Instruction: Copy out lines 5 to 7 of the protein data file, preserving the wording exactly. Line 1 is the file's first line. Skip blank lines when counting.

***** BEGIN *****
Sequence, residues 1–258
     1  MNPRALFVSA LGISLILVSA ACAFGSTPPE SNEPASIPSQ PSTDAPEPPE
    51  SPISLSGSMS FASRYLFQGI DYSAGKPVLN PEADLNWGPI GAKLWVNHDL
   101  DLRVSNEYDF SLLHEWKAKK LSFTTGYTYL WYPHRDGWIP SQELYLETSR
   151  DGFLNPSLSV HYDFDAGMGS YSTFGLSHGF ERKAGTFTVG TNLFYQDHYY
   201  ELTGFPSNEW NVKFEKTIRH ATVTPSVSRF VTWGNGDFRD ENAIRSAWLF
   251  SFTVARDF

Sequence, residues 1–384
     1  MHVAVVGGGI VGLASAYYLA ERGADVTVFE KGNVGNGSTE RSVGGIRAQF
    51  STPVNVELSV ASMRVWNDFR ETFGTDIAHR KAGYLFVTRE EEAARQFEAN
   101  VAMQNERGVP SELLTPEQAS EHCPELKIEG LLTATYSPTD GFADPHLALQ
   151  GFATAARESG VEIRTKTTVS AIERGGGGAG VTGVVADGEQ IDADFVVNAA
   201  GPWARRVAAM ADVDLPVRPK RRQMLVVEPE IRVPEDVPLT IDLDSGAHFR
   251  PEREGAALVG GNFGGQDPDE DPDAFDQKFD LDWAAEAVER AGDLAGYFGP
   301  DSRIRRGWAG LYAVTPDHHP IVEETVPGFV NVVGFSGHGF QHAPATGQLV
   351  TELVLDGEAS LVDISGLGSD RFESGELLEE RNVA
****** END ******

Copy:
   151  DGFLNPSLSV HYDFDAGMGS YSTFGLSHGF ERKAGTFTVG TNLFYQDHYY
   201  ELTGFPSNEW NVKFEKTIRH ATVTPSVSRF VTWGNGDFRD ENAIRSAWLF
   251  SFTVARDF